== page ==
I spent a significant number of years during my coming of age at Holy Cross Church and Holy Cross School. This parish was founded in the 1890s by Lithuanian immigrants. In the 1930s, there was a large influx of Mexican immigrants to Back of the Yards, which is one of the main reasons our family moved to the neighborhood in the 1960s after having lived in Pilsen.

I attended Holy Cross School from kindergarten through eighth grade and I graduated on June 6, 1971. The study habits I developed during this time served me well the rest of my years in school, especially college. Of course, it helped that all the teachers were strict Lithuanian Catholic nuns, with exception of Mr. Hovanec the history teacher. Nothing instills healthy study habits better than the fear of being disciplined with corporal punishment by a nun wielding a yardstick and a man’s name such as Sister Joseph or Sister Bartholomew.

Of course, during the 1960s there was a movement to convert U.S. to the metric system and move away from the English system of measurement that even the English didn’t use anymore. Our nuns participated in the metric system conversion by trading in their yardsticks for meter sticks when they hit us. That meant 3.37 more inches of pain. These nuns really wanted us to learn so we would go on to excel in high school and college. The school was very strict and if the corporal punishment didn’t straighten out a student quickly, expulsion was imminent. Once the principal, Sister Cecilia, lectured us on the importance of behaving well because our school record now could affect us later as adults. Recently, she told us, a former Holy Cross student applied to become an FBI agent and the FBI came to Holy Cross to see what kind of student he was. Well, that was enough to scare me into being a good student.

At school most of my friends were either Lithuanian or Mexican. Everyone had to learn English. Everyone had to become a good American citizen. In fact, the nuns constantly reminded us that any one of us could one day grow up to become the President of the United States. We always had to study hard and be on our best behavior. But somehow someone always got in trouble. I used to get in trouble for laughing at the class clown. When the nun would ask me what was so funny, I would tell her and she didn’t understand why I would laugh at such a thing. Looking back, I see her point.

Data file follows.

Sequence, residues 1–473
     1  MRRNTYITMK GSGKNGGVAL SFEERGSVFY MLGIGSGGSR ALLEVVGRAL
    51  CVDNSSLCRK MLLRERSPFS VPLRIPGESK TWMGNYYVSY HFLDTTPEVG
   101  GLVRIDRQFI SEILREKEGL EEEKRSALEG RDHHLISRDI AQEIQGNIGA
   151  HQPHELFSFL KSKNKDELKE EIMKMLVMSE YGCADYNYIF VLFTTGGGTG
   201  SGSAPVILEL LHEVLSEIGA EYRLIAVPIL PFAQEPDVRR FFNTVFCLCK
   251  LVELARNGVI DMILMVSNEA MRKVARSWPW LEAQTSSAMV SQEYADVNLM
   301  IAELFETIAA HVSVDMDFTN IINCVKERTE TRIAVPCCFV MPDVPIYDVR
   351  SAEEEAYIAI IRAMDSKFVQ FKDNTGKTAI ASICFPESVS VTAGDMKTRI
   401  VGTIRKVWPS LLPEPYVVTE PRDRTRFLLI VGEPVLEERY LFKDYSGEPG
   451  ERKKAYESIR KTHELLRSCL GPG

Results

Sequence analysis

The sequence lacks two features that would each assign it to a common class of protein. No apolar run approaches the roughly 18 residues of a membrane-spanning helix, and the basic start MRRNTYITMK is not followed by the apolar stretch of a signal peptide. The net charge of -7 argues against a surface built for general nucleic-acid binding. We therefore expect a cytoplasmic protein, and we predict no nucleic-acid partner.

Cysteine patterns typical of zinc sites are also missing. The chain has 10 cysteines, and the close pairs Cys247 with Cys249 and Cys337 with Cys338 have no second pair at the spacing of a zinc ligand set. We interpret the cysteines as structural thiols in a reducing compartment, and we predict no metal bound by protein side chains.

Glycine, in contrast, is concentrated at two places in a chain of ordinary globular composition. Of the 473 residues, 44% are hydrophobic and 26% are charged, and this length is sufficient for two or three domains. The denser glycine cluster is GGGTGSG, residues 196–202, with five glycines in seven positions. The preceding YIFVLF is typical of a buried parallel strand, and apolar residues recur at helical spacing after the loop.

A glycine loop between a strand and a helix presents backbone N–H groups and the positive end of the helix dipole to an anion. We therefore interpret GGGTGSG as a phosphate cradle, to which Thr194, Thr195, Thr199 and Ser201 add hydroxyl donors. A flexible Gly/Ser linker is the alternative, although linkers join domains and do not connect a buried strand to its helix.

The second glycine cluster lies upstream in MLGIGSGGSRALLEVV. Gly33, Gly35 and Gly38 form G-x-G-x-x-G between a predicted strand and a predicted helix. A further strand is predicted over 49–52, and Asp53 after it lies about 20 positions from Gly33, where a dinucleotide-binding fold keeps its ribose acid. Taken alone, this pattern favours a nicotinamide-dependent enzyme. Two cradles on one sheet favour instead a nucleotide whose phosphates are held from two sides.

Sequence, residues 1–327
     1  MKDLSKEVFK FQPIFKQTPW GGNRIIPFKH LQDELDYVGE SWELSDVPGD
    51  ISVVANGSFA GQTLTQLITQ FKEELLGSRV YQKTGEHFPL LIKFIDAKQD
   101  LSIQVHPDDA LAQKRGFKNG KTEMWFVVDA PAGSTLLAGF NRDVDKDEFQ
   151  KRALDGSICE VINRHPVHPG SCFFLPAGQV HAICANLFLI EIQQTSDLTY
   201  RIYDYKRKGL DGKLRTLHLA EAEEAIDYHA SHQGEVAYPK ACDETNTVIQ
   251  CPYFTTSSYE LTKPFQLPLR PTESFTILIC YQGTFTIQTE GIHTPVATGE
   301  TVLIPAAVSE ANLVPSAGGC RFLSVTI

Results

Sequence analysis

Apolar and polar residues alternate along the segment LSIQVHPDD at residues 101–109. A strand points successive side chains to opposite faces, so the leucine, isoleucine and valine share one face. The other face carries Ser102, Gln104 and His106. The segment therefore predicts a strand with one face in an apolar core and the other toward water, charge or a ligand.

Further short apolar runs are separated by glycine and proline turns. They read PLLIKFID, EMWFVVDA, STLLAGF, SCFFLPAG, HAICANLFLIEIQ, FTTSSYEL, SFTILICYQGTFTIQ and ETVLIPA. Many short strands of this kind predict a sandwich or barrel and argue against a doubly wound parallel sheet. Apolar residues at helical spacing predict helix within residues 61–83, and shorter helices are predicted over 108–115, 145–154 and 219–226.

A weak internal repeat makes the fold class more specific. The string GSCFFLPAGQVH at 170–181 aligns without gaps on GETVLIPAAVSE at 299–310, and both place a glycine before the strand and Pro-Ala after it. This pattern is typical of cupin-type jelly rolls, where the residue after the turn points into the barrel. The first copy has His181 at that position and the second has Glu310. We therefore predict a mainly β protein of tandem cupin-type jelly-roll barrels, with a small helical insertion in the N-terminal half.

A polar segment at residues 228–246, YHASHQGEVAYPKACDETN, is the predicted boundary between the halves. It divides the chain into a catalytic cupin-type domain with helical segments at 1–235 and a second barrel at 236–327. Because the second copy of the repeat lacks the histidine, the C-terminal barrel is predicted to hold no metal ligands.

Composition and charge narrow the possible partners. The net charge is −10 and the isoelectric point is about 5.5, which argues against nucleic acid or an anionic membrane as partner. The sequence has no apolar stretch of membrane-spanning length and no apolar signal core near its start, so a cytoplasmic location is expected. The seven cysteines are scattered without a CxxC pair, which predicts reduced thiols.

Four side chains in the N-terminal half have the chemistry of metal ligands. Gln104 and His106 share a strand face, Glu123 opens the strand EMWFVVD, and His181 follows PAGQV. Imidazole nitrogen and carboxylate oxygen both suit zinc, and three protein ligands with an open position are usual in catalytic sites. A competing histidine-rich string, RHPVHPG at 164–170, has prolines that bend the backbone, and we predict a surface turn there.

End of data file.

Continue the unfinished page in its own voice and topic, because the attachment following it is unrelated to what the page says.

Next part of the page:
Above all, they taught us to be good Catholics. We went to church everyday before going to school. If we were late for morning mass, we were considered late for school. Back then I thought the whole world was Catholic. Everyone I knew was Catholic. My parents, my brothers, my aunts, my uncles, my cousins, the nuns, our pastor, I mean everybody. Even famous people were Catholic. Mayor Richard J. Daley was Catholic and he was well-known for stopping at St. Peter’s on Madison Street to hear mass before going to City Hall. President John F. Kennedy was Catholic. The nuns would proudly remind us at every opportunity. To me, the whole world was Catholic. Even the Pope was Catholic! So why did he wear a yarmulke?

Of course, attending a private school meant paying tuition and having fundraisers. As I recall, we had one fundraiser after another all year, culminating in the parish carnival in June. We had raffles for everything. One year, the raffle prize was a brand new station wagon, and miraculously, one of the nuns had the winning ticket. There were bake sales, rummage sales, Christmas card sales, movie showings, and sometimes just outright petitions for donations for certain goals either at school or church. I remember that I liked selling the Christmas cards door to door. My brother Tato and I teamed up one year on a cold, snowy day. We carried our boxes of Christmas cards with us and didn’t have much luck selling them at first. Then, we were at one house on the icy porch of a woman who had just refused to buy a box of Christmas cards from us. As my brother started walking down the stairs, he accidentally slipped on the ice and rolled down about eight stairs all the way to the bottom. Well, the woman asked if he was okay–he was because we always bundled up in multiple layers on cold days like this. Then she bought a box of Christmas cards from us. I think she was afraid of a civil lawsuit. At the next house, the woman didn’t want any Christmas cards either, until my brother “accidentally” fell down the stairs again. This was my brother’s brilliant idea and he kept falling until we had sold all our Christmas cards!

Mexican Catholics


Mount Carmel Church, Chicago, Illinois

The Mexican stereotype is that all Mexicans are Catholics. And most of them are. However, when I met my ex-wife’s family, I was surprised, even shocked, that most of her father’s family were Mexican Protestants. And her family was Protestant in Mexico, too! Talk about culture shock. Even though I’m a Mexican Catholic, I, too, stereotype all Mexicans in Mexico as Catholics.

As a young boy I was a parishioner at a Lithuanian Catholic church, Holy Cross, where I also attended their grammar school. The church population consisted of mostly Lithuanians, but there were also a lot of Mexican families in the parish and school. We always went to mass on school days before we went to class and on Sundays we sat with our classmates and teacher for mass. All the Mexicans in the neighborhood went to mass, if not every day, at least on Sundays. My father’s family was extremely religious, so I had this image of all Mexicans being devout Catholics.

When I went to Mexico, I realized that my mother’s family wasn’t as religious as I had imagined. All of my aunts, uncles, cousins, and other family members always said that they were Catholic. What a disgrace it would be not to be Catholic!

Anyway, once I went to Mexico to visit for a month. By the third week, I realized that we had not even gone to church even once. I wasn’t really a practicing Catholic then, but I was worried about what my family would think of me if I didn’t go to church or even suggest going to church. So I asked them if they ever went church. Immediately, my aunt told everyone to dress up nice. We were going to church! Well, we went to church and there was no one there. There were no masses scheduled for that day, on a Sunday no less. We sat in the pews for a while attempting to pray, or at least pretending to pray, and then we went home.

So now that’s how I remember Mexican Catholics. People who want everyone to think that they’re Catholic. And, I guess, I’m no exception, either. Whenever someone asks me my religion, I say, “I’m Catholic!”